It was the week in which National Party leader Judith Collins finally needled Labour leader Jacinda Ardern into biting back.
The moment came on Tuesday in Parliament as Collins and Ardern danced yet another two-step over the handling of Covid-19.
Collins had set her stage in advance. She said in the media earlier in the day that if she were Prime Minister, the buck would stop with her. If Covid-19 got back into the country on her watch, she would be accountable for it.
She went into Parliament clearly aiming to get Ardern to match that pledge.
After some to-ing and fro-ing, Collins asked which minister was ultimately responsible for the Covid-19 response?
The answer she wanted from Ardern was that it was Ardern herself.
The answer she got was not that.
Ardern first said individual ministers were responsible for different strands of it and then that Cabinet as a whole was responsible for the overall response.
Collins asked again: was there not a single minister in her team that Ardern could rely on to take overall responsibility?
It delivered the rare bared-teeth moment: "I would happily have reference to my team on a billboard," Ardern jabbed at her.
It was a reference to National's partial disintegration since March – defying its billboard claim to have a "strong team".
Collins was ready for it. "Then why doesn't she?" she asked, pointing to Labour's Ardern-centric campaign.
To that, Ardern could only muster up an "it's implicit" by way of response.
Whether Ardern will say it out loud or not, in the eyes of the public it is she who is accountable for the entire Covid-19 response – not her team, implicit or otherwise – and certainly not the team of five million she talks about so much.
Ardern will be keeping an eagle eye on popular opinion. Labour ministers have taken to talking about the "Tricky Virus" as if that is its new name.
It seems designed to remind people the virus is to blame, not them.
When Ardern stood on the podium on Monday to announce Auckland's lockdown would be extended until Sunday night, she made sure everybody knew it was the result of director general of health Ashley Bloomfield's recommendations rather than her own caution.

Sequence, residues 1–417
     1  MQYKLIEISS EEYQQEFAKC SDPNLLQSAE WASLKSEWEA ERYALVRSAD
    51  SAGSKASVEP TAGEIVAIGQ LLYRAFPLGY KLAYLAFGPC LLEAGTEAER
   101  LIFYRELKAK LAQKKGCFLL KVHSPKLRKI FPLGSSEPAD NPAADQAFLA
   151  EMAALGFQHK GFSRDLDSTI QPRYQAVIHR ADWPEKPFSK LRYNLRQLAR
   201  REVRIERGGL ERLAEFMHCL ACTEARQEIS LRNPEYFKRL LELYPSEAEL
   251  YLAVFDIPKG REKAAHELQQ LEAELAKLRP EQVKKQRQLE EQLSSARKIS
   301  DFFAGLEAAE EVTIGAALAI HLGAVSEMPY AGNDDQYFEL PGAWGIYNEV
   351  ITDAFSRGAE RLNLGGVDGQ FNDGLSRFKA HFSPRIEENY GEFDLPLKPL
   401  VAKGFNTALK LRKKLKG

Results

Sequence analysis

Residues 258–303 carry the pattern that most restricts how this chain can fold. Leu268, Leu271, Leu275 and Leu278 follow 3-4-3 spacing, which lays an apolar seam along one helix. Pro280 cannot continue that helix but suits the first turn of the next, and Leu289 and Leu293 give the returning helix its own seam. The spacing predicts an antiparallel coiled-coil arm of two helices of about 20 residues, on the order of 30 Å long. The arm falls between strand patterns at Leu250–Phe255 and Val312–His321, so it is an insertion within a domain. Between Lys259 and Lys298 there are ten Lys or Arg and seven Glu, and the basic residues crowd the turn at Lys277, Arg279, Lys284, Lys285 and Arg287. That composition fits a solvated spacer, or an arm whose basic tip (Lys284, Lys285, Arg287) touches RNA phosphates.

She mentioned it was Bloomfield's recommendation three times when setting out the decision: an extra week of lockdown for Auckland and ongoing restrictions on mass gatherings.
It is little wonder Ardern invoked the doctor's name.
She was making that announcement against a backdrop of Auckland businesses groaning under the strain, and waning tolerance for the "kindness" sermon she delivers.
Other parts of New Zealand wondered why they were kept at level 2.
Bloomfield is obliged not to take politics into consideration when making his recommendations.
It must be almost irresistible for Ardern to take politics into consideration when she is acting on them.
Covid-19 will govern the election, but the election cannot govern the Covid-19 response.
It was Bloomfield who set out the risks in a press conference this week: saying recent surveys showed a high degree of acceptance of the lockdowns both in Auckland and outside.
However, he also indicated willingness was not as high as it was the first time around, when the whole country was involved.
He added there was a greater risk of fatigue if the lockdown went on for a long time, or kept happening in the future.
He was speaking of it as a health risk – lockdowns are effective at containing community outbreak, but only if people abide by them.
But lockdown defiance is also a political risk for Ardern.
The failings may not yet be as significant as the successes in the Covid response but they get a lot of attention. The discovery that testing of border and isolation staff was not as extensive as the Government had directed, has bedeviled Ardern for the past two weeks.
The delay of the election means there are still another eight weeks to go. That gives Ardern longer to secure that second victory against the virus.
She was widely given credit for the first victory.
But, to mis-paraphrase Sir Robert Muldoon, it also gives her opponents more time to emphasise any failings that may let in the virus again and result in future lockdowns.
In the past, political leaders were only half-joking when they said an All Blacks loss on the eve of an election was the greatest threat to their re-election.
Election dates have been carefully chosen not to coincide with a major test – lest the All Blacks lose and the people enter the slough of despond and vote for change.
It is an irony of this election that such a risk calculation is now redundant – an even greater risk has grounded the All Blacks completely. And Covid-19 has not put out a handy schedule around which to make decisions.